Thankfully godly men from 1040 Visions (a partner mission organization of FIA) hosted a water well-drilling trip to Africa that better captured Jeff’s heart to share his faith. “It was there that I met Matt Durkee (FIA’s Deputy Executive Director). I was so impressed with the work that was being done. From start to finish, all the construction efforts were to make God known.” In his mind, Jeff drew a contrast between the hypocrisy experienced in his younger days and the practical, relational Christianity he encountered working in the field.
In addition, FIA’s strategy to partner with national leaders and missionaries living among the unreached people made sense to Benson. “Our volunteer work was like a tool in a toolbox. What we were doing was one part of an integrated whole where relationships were there, and would continue to be there, after we left,” shared Jeff.
On the business side of life, his parents’ retirement in 1993 caused Benson to acquire a new partner and branch into civil engineering, surveying, and site development – work that continues today. “In my early years, I gained experience in excavating, building roadways, pipelines, and utility work, and as time progressed, the management of business, people, projects, and scheduling. It’s like my whole life in construction prepared me for this,” Jeff shared when talking about his new role as one of the project managers of FIA’s latest effort in Vanuatu.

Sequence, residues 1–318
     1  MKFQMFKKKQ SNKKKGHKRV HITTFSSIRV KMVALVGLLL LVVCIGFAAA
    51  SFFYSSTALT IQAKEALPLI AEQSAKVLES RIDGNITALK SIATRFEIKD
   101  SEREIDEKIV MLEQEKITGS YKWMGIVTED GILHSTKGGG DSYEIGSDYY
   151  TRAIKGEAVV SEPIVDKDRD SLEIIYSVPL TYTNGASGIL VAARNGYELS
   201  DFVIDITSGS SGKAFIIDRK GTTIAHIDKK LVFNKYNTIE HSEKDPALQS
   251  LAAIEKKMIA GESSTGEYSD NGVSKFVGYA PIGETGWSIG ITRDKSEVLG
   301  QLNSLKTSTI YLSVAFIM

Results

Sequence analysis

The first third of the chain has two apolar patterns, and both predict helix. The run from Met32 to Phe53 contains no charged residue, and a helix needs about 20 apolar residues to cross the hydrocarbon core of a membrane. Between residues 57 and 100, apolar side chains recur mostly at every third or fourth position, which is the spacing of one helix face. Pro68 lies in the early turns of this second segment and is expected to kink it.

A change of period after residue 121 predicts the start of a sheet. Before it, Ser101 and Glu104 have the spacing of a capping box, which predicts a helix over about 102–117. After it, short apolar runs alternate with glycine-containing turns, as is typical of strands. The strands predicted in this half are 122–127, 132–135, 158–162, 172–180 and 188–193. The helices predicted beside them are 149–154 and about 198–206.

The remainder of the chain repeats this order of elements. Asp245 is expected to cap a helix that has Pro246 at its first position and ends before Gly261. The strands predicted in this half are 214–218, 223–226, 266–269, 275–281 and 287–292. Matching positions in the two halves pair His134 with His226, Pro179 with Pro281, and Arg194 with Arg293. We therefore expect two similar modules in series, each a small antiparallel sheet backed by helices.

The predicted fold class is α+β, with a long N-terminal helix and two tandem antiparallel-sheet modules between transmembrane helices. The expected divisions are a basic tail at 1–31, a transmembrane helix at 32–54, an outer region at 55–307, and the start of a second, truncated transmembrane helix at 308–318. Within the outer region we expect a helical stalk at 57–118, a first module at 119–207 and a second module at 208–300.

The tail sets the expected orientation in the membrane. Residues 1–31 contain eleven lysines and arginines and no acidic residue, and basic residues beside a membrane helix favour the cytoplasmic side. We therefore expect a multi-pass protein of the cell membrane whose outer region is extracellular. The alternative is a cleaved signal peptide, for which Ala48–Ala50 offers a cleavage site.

Bringing Water to Vanuatu
Benson first heard of the NiVan’s desperate need for water at FIA’s annual banquet in 2019. “My heart burned when I learned many of them had never heard the full Gospel and that something as simple as clean water could open their hearts to understanding Jesus,” Jeff said passionately.
Convinced his construction experience could enhance this work of God, Jeff agreed to assist with the water project which promises to bring clean water through 16-miles of gravity-fed piping to 30 villages, 3 schools, and 2 clinics.
The parallels between his early work carving oil lines along Pennsylvania mountains and this work of bringing water piping down jungle terrain along a mountain in Vanuatu are astounding!
Jeff is excited to get in-country to survey the work needed to build the supply road, intake system, and run the first mile of pipe from the water source to Vunamean, the first of the 30 NiVan villages. “We’ve got a great team ready. Water-Tec is the company in charge of the necessary piping and materials. Levi (FIA’s partner missionary) communicates with village leaders, and I’m helping to guide the purchase of equipment, tools, methodology, and training.
FIA will be hosting work teams in 2022 as soon as the nation’s borders open again.
FIA’s water project is a chance at using physical water to share Jesus, The Living Water and another opportunity for Jeff to again become a tool in the Master’s hand